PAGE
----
Remembrances for our Deceased Brothers
Fr John A. (Jackie) Madden, O.Carm. (1933-2015)
Given at the Requiem Mass in Terenure College Chapel on February 27, 2015, by Michael Troy, O.Carm.
“Where I am, there you may be also”.
These words we have just heard are part of Jesus’ message to his disciples at the Last Supper conversations in John’s Gospel. These words were meant to give encouragement at a time when everything seemed to be falling down around them. When they were to look back at the events of those days in the light of the resurrection, they could see what the life and ministry, the passion, death and resurrection of Jesus Christ was all about. For the early Christian community, those who heard the scriptures proclaimed on the Lord’s Day the message was all in the light of the resurrection of Christ.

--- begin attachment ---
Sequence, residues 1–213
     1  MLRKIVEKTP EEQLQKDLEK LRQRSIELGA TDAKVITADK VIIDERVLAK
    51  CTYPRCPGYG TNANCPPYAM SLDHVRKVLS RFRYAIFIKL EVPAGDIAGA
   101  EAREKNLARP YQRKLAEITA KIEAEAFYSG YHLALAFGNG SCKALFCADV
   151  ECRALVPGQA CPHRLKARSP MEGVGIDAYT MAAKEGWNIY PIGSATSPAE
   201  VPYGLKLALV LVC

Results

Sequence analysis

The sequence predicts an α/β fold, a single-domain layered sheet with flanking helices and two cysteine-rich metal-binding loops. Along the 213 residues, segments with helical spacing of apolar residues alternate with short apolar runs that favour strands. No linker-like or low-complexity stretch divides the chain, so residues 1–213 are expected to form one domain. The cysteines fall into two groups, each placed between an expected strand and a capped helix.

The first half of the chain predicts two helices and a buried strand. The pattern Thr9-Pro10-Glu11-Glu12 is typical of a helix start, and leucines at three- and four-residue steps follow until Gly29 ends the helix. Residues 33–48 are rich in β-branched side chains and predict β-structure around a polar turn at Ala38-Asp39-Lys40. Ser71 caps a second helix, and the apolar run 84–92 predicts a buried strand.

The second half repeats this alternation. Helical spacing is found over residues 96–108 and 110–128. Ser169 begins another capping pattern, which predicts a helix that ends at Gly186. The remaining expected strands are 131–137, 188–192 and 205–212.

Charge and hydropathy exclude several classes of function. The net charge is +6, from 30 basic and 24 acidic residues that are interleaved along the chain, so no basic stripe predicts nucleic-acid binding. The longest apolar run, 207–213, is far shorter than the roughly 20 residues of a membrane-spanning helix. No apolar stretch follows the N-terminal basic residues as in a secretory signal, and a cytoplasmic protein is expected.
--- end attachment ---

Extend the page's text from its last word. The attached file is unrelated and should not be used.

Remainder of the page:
“Where, I am there you may be also”. These words would be meaningless had Jesus not risen from the dead. As St Paul says, ‘if Christ is not risen from the dead all of this is foolishness’. Today, as we gather for the Funeral Mass for Fr Jackie Madden, we too look from the perspective of the resurrection. We too hear the same words and trust that where Christ is we too will be. As well as giving hope to his followers these words can be used as a summary of the Christian vocation. Where Jesus is we also may be. A more Carmelite phrase from the Rule of Albert, which Fr Jackie followed faithfully for nearly sixty-five years, would be ‘in allegiance to Jesus Christ’, or following in the footsteps of Jesus Christ. Jackie’s Christian calling: his growing up as the eldest son in a big family in the Madden home in Phibsboro, his schooling in St Vincent’s, and then entry to the Carmelite Family in Kinsale making his Profession in September 1950. After profession he moved to Gort Muire for studies in science at UCD and theology in Gort Muire. He was ordained to priesthood in July 1957. Soon after ordination he was assigned to Terenure College where he was to live all his Carmelite life with the exception of his sabbatical year in Rome and his year in Moate.